Calculating those costs may take some time, but it will help both parties make a profitable decision. In this article, we’ll go through an example using a simple five-step process.

##### North American Potato Market News / Paris, Idaho
• Step 1: Estimate the grower’s costs.
• Step 2: Establish a value for the hay.
• Step 3: Determine the yield.
• Step 4: Estimate the harvester’s costs.
• Step 5: Negotiate a fair price.

First, a little background about the farm in this example: Let’s look at an irrigated farm in southern Idaho. The average yield is about 6 tons per year per acre with three cuttings.

Step 1: Estimate the grower’s costs

We need to account for all costs of production. Operating costs include fertilizer, chemicals, irrigation, labor, machinery (fuel, oil and repairs) and interest on operating capital. Ownership costs include land rent, general overhead and management, and an amortized establishment cost, which is just spreading out the new seeding establishment costs over the life of the hay stand. Table 1 is an example of the grower’s costs to produce alfalfa hay on a per-acre basis (\$575 per acre) and broken down to the cost per ton (\$96 per ton).

If you keep track of your own production costs and use an enterprise budget, this part is easy. If you don’t know your direct costs, you can make estimates or use the University of Idaho budgets as a starting point.

Step 2: Establish a value for the hay

The harvester needs to establish a value for the hay to be harvested. You can check a recent market report for local prices or use historical prices based upon your quality expectations. You may also want to consider the cost of weather and perhaps yield risk, and adjust your price to compensate for these factors.

For this example, let’s use an expected hay value of \$150 per ton as a base and decrease that by \$10 per ton to account for weather risk. Weather risk is difficult to put a price on, but it is real, and it can be costly. You’ll need to use your own judgment when it comes to placing a value on weather risk. So our estimated price will be \$140 per ton. We’ll use this price to calculate how much we can afford to pay for hay on the stump in Step 4.

Step 3: Determine the yield

Yields can be estimated before harvest, or you can weigh the crop after harvest to get actual yields. Agreements can be set up based on either method. In some cases, it may be best to agree on a set percentage of the hay yield after the harvest rather than trying to estimate the yield before the harvest.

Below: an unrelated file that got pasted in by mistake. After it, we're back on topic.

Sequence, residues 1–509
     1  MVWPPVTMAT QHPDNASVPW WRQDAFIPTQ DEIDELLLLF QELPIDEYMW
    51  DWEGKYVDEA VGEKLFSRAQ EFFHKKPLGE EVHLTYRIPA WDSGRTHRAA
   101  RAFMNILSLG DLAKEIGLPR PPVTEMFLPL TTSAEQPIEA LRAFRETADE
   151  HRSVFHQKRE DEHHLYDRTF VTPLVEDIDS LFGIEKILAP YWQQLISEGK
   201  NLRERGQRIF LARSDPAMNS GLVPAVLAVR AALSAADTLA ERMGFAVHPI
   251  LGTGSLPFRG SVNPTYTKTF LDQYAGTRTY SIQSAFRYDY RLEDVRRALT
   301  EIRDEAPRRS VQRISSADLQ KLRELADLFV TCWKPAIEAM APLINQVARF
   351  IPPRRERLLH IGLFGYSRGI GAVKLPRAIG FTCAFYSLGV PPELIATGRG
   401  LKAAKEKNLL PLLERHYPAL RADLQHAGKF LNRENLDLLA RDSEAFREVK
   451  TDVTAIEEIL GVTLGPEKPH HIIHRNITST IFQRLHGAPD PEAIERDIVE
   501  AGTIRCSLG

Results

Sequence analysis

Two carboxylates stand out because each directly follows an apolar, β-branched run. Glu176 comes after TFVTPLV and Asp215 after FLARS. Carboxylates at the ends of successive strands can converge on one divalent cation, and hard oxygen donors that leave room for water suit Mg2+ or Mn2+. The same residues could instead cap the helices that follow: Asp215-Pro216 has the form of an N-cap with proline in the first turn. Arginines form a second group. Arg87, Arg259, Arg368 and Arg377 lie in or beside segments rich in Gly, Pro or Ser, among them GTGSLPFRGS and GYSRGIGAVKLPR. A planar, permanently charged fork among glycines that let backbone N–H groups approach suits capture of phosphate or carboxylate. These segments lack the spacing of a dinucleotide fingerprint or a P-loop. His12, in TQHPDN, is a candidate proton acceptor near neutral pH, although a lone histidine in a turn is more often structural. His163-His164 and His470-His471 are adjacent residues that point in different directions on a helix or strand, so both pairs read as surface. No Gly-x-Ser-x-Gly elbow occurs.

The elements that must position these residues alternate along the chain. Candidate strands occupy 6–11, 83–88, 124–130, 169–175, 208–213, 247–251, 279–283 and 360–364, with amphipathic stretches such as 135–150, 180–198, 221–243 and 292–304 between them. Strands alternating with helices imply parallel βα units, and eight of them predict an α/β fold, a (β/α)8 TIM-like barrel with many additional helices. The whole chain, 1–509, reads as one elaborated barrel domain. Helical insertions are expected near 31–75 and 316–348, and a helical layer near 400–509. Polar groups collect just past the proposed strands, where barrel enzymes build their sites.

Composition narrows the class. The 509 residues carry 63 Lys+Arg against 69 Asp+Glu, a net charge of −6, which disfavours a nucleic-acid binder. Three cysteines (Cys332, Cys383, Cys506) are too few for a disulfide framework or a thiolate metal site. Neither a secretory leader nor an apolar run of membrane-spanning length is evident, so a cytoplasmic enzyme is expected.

Just a word of caution when estimating yields: Be sure to convert fresh weights to a dry matter basis. For this example, we will use an estimated yield of 6 tons per acre, so we can calculate the grower’s costs and the harvester’s costs on a per-ton basis.

Step 4: Estimate the harvester’s costs

The harvester’s costs are swathing, raking, baling, hauling and stacking. You can use custom harvest rates or calculate your actual costs. These costs should include equipment depreciation, fuel, oil, lube, repairs, labor, transportation to the field, operating interest, twine and other expenses and are influenced by the amount of equipment use.

The harvester’s costs are in Table 2.

The cost to put up all three crops is \$198 per acre, or \$33 per ton based on a 6-ton yield. If we use the base price of \$150 per ton and subtract \$10 for weather risk and \$33 for harvest costs, the value to the harvester is \$107 per ton.

Step 5: Negotiate a fair price

After you calculate the seller’s costs to produce the hay and the buyer’s hay value minus harvest costs, you can begin negotiating a fair price. The maximum price the harvester would be willing to pay is the estimated hay value minus harvesting and risk costs. The minimum price the grower would be willing to sell at is his cost of production. You’ve established the ceiling and the floor prices.

In this simple example (Figure 1), a fair market price for hay on the stump should be somewhere between \$96 and \$107 per ton.

A price within this range will be a win-win for the grower and the harvester. You can use the negotiated price to establish an annual per-acre price or a per-cutting price if you need to.

Remember to put it in writing!

Finally, it’s always a good idea to put these agreements in writing just to make sure everyone is on the same page. A simple contract specifying the acreage, price, yield, payment date and other details should be enough. Good business relationships tend to last longer when we put things in writing.

This is a simple example, and results should be different for your own farm. Take a few minutes and crunch your numbers. The University of Idaho Extension has several tools that may be helpful, including crop enterprise budgets (costs and returns estimates), a custom rates guide and a machine cost calculator. These can be found on the Idaho AgBiz website.

PHOTO: Getty Images.

• ### Ben Eborn

• Extension Ag Economist
• University of Idaho
• Email Ben Eborn